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Right: Susan Tyrrell appears at a panel discussion of Forbidden Zone at the Egyptian Theatre in Los Angeles on July 30, 2008. / Left: Susan Tyrrell and Iggy Pop appear in a scene from the 1990 movie Cry-Baby. - Provided courtesy of flickr.com/photos/otterfreak/ / Universal Pictures

Susan Tyrrell of 'Cry-Baby,' 'Fat City,' dies at age 67

06/19/2012 by Corinne Heller

Susan Tyrrell, an Oscar nominee known for the 1972 movie "Fat City" and the cult film "Cry-Baby," which starred Jonny Depp, has died at age 67.

The actress passed away on Saturday, June 16, according to her official website and the news outlet Austin360.com, which attributed the information to one of her friends. The cause of her death was not revealed.

Tyrrell was in 2000 diagnosed with a rare blood disease called essential thrombocytosis, and had both of her legs amputated below the knee as a result of her ailment.

Tyrrell was born Susan Cremer in San Francisco, California and grew up in New Canaan, Connecticut. Her mother was a member of a convent in her native Britain and spent time in the Diplomatic Corps in China and The Philippines during World War II. Tyrell's father was a Hollywood agent who later worked in advertising. Tyrell lived in Austin, Texas in her final years and went by the nickname "SuSu."

"I'm a loner," Tyrrell told LA Weekly in 2000."I don't like beautiful people, but I find beauty in the grotesque. And in the sweet soul inside someone who has been able to get through their life without being a rat's ass. Such people should be collected, should be swept up immediately and kept in a box of broken people. I've collected people my whole life. Sometimes it ends badly, but it's absolutely never on my part."

"Because I know how fabulous I am," she added. "You're just going to have to take my word for it - I'm an incredible person. I do good deeds, and I love people, but the only way I can do these things is to stay apart. Because you can just stand so much. But the people who you meet in your life, who cross your path, the ones who are decent, should be collected."

Tyrell began her acting career in the 1960s and made her Broadway debut in 1965 as a replacement performer in the comedy "Cactus Flower." She went on to star in the plays "A Cry of Players," "The Time of Your Life" and "Camino Real."

She made her big screen debut in 1971 with the film "Shoot Out" alongside Gregory Peck. Tyrell went on to star in the 1972 boxing drama "Fat City" as Oma, a drunk, alongside main male leads Jeff Bridges and Stacy Keach. Tyrrell earned an Oscar nomination for her performance.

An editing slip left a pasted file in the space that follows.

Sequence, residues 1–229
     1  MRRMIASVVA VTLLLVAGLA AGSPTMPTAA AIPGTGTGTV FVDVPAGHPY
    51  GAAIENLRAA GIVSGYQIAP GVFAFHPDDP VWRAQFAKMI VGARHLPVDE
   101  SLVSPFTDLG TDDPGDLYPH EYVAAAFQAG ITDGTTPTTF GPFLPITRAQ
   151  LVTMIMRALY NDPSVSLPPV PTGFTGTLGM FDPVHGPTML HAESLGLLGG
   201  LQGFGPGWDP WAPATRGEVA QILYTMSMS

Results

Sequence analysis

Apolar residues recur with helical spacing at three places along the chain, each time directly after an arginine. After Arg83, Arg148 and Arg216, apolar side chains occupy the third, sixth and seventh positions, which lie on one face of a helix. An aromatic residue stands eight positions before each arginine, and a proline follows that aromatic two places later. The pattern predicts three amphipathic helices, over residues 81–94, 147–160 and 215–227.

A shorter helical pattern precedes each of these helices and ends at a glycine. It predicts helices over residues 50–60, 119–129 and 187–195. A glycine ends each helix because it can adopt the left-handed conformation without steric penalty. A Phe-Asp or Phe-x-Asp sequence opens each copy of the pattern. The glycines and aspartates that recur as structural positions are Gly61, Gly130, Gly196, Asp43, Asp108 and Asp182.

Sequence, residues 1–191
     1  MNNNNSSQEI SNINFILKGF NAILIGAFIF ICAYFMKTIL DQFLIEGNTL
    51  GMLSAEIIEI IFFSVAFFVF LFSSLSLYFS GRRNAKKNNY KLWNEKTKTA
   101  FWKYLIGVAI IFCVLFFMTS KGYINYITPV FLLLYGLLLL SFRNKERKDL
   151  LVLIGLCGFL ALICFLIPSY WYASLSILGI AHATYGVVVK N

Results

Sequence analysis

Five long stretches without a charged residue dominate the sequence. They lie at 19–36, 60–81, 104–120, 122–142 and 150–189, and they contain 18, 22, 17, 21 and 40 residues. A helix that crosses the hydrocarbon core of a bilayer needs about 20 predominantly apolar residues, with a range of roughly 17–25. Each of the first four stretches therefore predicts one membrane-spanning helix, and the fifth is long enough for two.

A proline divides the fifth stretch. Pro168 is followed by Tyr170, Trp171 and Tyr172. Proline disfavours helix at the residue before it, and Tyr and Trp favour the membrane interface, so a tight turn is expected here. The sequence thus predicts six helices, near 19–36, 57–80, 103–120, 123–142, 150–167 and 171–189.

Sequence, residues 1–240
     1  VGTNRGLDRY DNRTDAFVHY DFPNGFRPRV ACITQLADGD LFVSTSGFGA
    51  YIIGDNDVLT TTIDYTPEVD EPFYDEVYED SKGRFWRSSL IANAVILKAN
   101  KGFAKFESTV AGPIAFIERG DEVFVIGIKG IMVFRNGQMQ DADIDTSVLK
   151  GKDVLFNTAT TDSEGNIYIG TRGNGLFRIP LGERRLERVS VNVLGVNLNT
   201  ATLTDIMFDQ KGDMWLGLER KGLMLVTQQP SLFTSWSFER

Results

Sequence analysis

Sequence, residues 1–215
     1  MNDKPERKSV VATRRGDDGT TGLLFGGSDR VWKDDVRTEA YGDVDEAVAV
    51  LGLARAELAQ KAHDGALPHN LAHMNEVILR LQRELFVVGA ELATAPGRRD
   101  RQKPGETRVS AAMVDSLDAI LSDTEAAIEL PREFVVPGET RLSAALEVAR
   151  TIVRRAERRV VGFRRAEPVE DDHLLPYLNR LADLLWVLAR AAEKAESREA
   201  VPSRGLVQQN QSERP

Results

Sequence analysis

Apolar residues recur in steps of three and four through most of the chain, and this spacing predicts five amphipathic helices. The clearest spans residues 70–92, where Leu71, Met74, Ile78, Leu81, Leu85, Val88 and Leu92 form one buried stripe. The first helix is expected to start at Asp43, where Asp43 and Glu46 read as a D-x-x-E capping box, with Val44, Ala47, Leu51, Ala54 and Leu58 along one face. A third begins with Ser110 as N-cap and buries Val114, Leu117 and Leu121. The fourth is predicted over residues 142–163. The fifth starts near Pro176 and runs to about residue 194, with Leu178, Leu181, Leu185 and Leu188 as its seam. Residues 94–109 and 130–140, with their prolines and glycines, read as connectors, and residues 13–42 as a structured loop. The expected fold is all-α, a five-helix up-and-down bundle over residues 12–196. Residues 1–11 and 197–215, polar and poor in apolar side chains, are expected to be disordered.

In 1977, she appeared in Andy Warhol film "Bad." She also starred in the 1982 fantasy comedy "Forbidden Zone" and in the 1984 thriller "Angel" and its 1985 sequel.

Younger viewers may remember her best from the 1990 musical film "Cry-Baby," which starred Depp as Cry-Baby, a "bad boy" Elvis Presley-like rock n' roll singer who seeks to win the heart of "good girl" Allison Vernon-Williams, played by Amy Locane. Tyrell played Cry-Baby's grandmother, Ramona Rickettes, while real-life rocker Iggy Pop portrayed his grandfather, Belvedere.

"Susie was just a great, great chick and a total hell raiser," Iggy Pop told OnTheRedCarpet.com in a statement. "She had a huge personality and the talent to back it up. She scared the living [expletive] out of me on a daily basis. Once, she hung a blow up doll from the head of my shower before I came home from the set. Thanks Susie, I love you and miss you."

Tyrrell went on to star in the 1995 mystery drama film "Powder" alongside Jeff Goldblum. She then reunited with Bridges for the 2003 Bob Dylan movie "Masked and Anonymous," playing Ella the Fortune Teller. Tyrrell's last on-screen role was in the 2012 independent film "Kid-Thing."

"It was such a joy to have been pals with the one and only SuSu," the movie's Austin-based production company, Zellner Bros. said in a statement on Facebook. "Her lust for life, her fixation with provocation and the subversive was so refreshing and fun. And her absolute candor. Nothing was off limits with her - she didn't mince words, she loved what she loved and she hated what she hated. Whether you wanted to hear it or not, and often times you didn't."

"Soon after meeting she sent an email gushing about how much she loved 'Fiddlestixx' of all things, and that meant the world to me," the statement added. "She wasn't interested in anything else we did but geez louise she loved a monkey freaking out in front of a green screen. I'm so grateful that we got to work together on KID-THING. Until we screened the finished product for her we had no idea which way it would go, and were humbled by how proud of it she was. She will be sorely missed."

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